On campus, Straus has furthered her goal of educating others about
Native Americans as a lecturer in the University's Master of Arts
Program in the Social Sciences (MAPSS), which she joined in 1995
after two years as a senior researcher at the American Indian
Economic Development Association in Chicago. During a January
meeting of her winter quarter class, Anthropology 320: Topics
on Native America: Indian Civil Rights Act, she reviewed with
13 students a series of early Supreme Court decisions significant
to native peoples, highlighting one that has had repercussions
through modern times. Written by Chief Justice John Marshall in
1831, it established the legal foundations for the present-day
trust relationship between the federal government and Native Americans,
with these words referring to the Cherokee: "Meanwhile they are
in a state of pupilage. Their relation to the United States resembles
that of a ward to his guardian."
explained the concept to the class in a manner both businesslike
and down-to-earth, like her attire of teal business suit and black
walking shoes. The passage, she said, portrayed Native Americans
as "cognitively disabled adults or young children not capable
of handling their own situations, their own land in particular.
A straight-out statement of paternalism is pretty clearly here."
But, she noted, Native Americans have found ways to use this passage
to their advantage. "Today, the trust relationship is important
in safeguarding the special legal and political status of Indian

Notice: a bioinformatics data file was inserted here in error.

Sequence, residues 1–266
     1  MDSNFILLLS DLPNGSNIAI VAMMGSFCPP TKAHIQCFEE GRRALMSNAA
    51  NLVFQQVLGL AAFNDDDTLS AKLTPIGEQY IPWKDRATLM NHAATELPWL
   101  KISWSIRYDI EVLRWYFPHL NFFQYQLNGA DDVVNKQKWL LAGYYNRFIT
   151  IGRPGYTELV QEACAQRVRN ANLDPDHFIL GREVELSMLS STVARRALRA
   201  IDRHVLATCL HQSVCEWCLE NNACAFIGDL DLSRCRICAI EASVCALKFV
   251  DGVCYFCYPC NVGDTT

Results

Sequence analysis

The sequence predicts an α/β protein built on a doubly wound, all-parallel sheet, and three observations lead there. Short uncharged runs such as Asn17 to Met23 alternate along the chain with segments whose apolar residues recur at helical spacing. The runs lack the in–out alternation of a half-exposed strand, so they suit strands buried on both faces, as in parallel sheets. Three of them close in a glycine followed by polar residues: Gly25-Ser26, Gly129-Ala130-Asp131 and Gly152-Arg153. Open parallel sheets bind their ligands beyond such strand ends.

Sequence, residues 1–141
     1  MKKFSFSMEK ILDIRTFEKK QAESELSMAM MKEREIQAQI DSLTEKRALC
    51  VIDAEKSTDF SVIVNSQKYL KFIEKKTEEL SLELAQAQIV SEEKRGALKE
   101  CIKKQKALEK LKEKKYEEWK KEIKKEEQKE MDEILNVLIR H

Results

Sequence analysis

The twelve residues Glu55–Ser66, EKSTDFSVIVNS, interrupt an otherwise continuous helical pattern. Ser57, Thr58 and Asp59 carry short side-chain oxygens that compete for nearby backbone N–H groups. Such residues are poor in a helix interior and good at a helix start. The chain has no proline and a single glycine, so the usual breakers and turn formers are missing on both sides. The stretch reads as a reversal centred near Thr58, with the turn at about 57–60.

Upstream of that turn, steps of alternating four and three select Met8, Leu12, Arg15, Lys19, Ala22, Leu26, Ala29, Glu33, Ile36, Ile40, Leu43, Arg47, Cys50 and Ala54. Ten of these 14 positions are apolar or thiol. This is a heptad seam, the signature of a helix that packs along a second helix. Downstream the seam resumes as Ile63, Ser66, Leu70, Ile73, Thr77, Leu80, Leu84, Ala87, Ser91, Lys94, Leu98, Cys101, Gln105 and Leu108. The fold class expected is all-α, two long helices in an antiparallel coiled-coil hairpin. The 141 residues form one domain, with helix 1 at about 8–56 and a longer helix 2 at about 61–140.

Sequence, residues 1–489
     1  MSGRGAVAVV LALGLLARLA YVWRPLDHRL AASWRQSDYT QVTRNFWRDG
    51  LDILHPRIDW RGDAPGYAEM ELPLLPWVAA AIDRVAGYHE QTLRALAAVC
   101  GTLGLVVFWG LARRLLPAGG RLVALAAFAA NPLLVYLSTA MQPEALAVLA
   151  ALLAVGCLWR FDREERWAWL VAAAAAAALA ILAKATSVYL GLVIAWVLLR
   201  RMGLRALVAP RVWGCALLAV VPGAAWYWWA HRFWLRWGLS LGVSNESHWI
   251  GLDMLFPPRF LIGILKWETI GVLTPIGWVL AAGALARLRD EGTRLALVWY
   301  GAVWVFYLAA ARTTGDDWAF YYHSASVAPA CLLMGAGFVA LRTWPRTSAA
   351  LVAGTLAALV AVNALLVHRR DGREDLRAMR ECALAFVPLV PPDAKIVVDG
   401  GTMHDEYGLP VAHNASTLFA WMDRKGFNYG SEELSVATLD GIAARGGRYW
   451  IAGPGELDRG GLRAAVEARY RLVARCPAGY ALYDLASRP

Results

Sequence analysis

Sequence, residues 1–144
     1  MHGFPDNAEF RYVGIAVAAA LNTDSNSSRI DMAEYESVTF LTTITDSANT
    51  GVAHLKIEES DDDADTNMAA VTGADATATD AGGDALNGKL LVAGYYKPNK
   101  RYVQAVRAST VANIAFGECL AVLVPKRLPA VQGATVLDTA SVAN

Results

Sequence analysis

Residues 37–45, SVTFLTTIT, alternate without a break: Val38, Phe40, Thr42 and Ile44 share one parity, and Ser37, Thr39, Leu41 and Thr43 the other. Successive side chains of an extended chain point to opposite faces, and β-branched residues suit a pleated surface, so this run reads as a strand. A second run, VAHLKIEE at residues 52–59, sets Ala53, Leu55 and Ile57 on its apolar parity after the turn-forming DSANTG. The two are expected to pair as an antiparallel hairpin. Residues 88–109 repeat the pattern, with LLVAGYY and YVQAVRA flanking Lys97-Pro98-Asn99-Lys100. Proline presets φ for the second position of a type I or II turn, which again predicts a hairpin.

tribes," she explained. "Tribes have used it to hold the government
liable in its fiduciary responsibilities to Indians. Tribes have
turned the burden of paternalism into a strength."
the classroom, Straus has worked to bring Native-American culture
to campus. Currently, she's assisting curators Robert G. Donnelley,
AM'97, and Richard A. Born, AM'75, with an upcoming Smart Museum
exhibit of works by the Native-American artist Silver Horn. Titled
Transforming Images: The Art of Silver Horn and His Successors,
the April 13-June 11 exhibit will showcase Silver Horn's ledger
book drawings and hide paintings, including a collection from
the Field Museum of Natural History that has never been shown
publicly. The works record the history and culture of Kiowa Plains
Indian life at the turn of the century.
the past two years, Straus has provided students in her anthropology
classes with a more interactive Native-American cultural experience.
Each spring quarter class has organized an on-campus powwow, including
the performance of traditional Native-American dances and songs.
The 1998 event was held on the Midway Plaisance in June to commemorate
the 1961 powwow. Last year, the event grew from a small cultural
demonstration to include more than 20 dancers, representing as
many tribes, and two drum groups. Straus is now working with students
and the Gathering of Nations, an Albuquerque-based powwow-planning
organization, to bring to the Midway what she hopes will be a
powwow nearly as large as that held in 1961. She expects the free
and open-to-the-public event to attract several hundred dancers
and as many as 70 crafts vendors during the last weekend in September.
Straus hopes that classes on Native-American issues, the Silver
Horn exhibit, the Midway powwows, and other such efforts will
help to acknowledge the presence of Native Americans at the University
and to attract more Native-American students. (According to the
registrar, 19 Native Americans are currently enrolled at the U
of C.) Also to that end, she advises the Native American Students
Association, which grew out of her students' past powwow organizing
president Jessica Hansbrough, a fourth-year anthropology concentrator,
says the purpose of the group is to help connect Native-American
students to each other, and to connect all students to the city's
Native-American community. Its 30 members, she says, are a mix
of Native-American students and other graduate and undergraduate
students who are studying Native-American topics or are generally
interested in Native-American culture. In early February, the
group planned to bring White Hawk, a local Native-American drum
group, to the C-Shop's weekly music showcase, the Flow.